BOSTON. Inge Helvig is a statuesque blond and a former fashion model, but inside her striking exterior she has the crusading temperament of a Carrie Nation. “I want my daughters to grow up in better world,” she says demurely as she affectionately puts her arms around Kristin and Marthe, two young women blessed with their mother’s striking beauty. “It is not for myself that I alone fight,” she adds in her somewhat broken English.
Helvig has been a widow for two years, having lost her husband in a luge accident while on a family vacation in New Hampshire. “No one told us the snow in New England is like ice,” she says ruefully. “Petr hit a snow bank and never regained consciousness.”
As paramedics lifted his limp body into the ambulance one of them slammed his finger in the door and let go with a vulgar term for copulation that begins with an “f,” ends in a “k” and has a “u” and a “c” in between–and thereby a cause was born. “I was shocked, not so much that he would say such a thing while handling my husband’s lifeless corpse,” Helvig says. “It was the thought that American men so lightly take the name of love in vain.”
“Would you get out of the f__king way and let me work?”
And so Helvig decided to dedicate herself to the cause of banning the F-bomb, or at least persuading American males to voluntarily give it up. “I find them surprisingly receptive to my message,” she says as her daughters hand out pamphlets to a stream of curious men entering Rico Petrocelli Hall here at the corner of Boylston and Dartmouth Streets for an hour-long talk on why the act of love-making is sacred, and should not be sullied by turning the word for the act into an expletive.
“She’s on to something, that’s for sure,” says Larry Nord, of the Broadcast Speaker’s Bureau. “I could have her booked three nights a week, but she makes sure the girls do their homework.”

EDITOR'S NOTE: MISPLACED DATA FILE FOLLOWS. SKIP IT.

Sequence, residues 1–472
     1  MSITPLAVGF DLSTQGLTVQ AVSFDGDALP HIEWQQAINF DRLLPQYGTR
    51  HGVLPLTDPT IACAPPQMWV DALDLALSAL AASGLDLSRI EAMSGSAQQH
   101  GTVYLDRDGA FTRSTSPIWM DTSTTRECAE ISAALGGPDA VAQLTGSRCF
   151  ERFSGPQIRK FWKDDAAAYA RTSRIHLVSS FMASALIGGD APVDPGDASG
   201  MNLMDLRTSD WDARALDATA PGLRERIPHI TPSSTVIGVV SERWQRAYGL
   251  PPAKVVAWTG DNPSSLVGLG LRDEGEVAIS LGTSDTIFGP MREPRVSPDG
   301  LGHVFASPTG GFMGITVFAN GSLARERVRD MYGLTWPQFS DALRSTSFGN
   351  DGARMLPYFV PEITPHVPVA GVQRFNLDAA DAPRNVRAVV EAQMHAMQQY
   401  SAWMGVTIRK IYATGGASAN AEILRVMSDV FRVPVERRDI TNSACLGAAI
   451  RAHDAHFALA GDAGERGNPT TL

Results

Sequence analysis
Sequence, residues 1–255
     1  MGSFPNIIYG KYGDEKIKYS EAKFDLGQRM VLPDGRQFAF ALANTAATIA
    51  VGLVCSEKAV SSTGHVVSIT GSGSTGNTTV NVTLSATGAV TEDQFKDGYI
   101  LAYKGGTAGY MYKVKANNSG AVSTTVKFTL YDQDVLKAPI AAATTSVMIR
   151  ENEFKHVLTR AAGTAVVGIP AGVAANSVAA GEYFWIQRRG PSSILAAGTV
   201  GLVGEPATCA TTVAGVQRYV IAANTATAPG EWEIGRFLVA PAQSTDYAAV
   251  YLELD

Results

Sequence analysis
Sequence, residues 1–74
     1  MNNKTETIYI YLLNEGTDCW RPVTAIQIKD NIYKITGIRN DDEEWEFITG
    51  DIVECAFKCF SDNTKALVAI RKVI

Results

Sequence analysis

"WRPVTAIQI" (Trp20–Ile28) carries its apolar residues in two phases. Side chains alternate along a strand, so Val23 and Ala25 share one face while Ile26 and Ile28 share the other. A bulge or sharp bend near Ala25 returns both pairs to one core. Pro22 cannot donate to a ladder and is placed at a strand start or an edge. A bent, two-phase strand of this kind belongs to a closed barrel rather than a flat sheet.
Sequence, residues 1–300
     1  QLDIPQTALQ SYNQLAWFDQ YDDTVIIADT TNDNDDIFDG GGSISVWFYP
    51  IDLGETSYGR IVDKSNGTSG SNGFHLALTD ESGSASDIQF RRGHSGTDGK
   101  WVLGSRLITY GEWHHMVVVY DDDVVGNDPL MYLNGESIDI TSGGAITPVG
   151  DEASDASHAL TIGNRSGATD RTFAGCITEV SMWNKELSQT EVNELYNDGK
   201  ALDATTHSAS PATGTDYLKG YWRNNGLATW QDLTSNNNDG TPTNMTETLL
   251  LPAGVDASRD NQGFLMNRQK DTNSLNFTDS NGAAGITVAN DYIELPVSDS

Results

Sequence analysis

Some men in the hall are oblivious to the message of the evening, however, since they are here to earn their daily bread and not for enlightenment. “Jesus f__king Christ!” Mel Quarles shouts as he drops a riser on his toe, and Inge is all over him like a coyote on a housecat. “Please,” she says in a sultry voice to the union laborer. “You do not know how much it hurts me to hear you say that.”
“It’s not a show–it’s just a talk.”
“Sorry lady, excuse my French,” Quarles says with genuine sincerity in his voice.
“No, it is not French,” Helvig says. “In France, you do not hear this desecration of the pure and natural erotic impulse.”
As Helvig speaks Quarles’ eyes drift lower to her decolletage, and between the aural and visual stimulation he is lulled into a receptive state of mind. “Maybe you’re right,” he says. “I should probably place love up on a pedestal and not swear about it.”
“That is my message for you men tonight,” she says as she brushes her long blonde hair to the side. “I hope you will change just a little bit–for me?” she asks coquettishly.
“You got it babe,” Quarles says. “Nothin’ but pure sexual thoughts for me from now on.”
“That is good,” she says. “Now I must excuse myself to speak to so many of your fellows whose minds I have not yet made up for them.”
Helvig strides gracefully to the podium and a hush falls over the crowd–except for Elise Copenhaver, who has accompanied her husband Duane to the seminar to make sure he’s not attending some romp in a sauna with the Scandinavian babe depicted on the materials he received in the mail. She is eating a cookie dough ice cream cone that she admits she shouldn’t, but to which she is treating herself as payback for her husband’s night out to listen to a beautiful woman “talk dirty,” as she puts it.
“I figure if he gets to take a break, so do I,” she says before her husband cuts her off.
“Will you shut the f__k up?” he snaps. “I’m trying to hear!”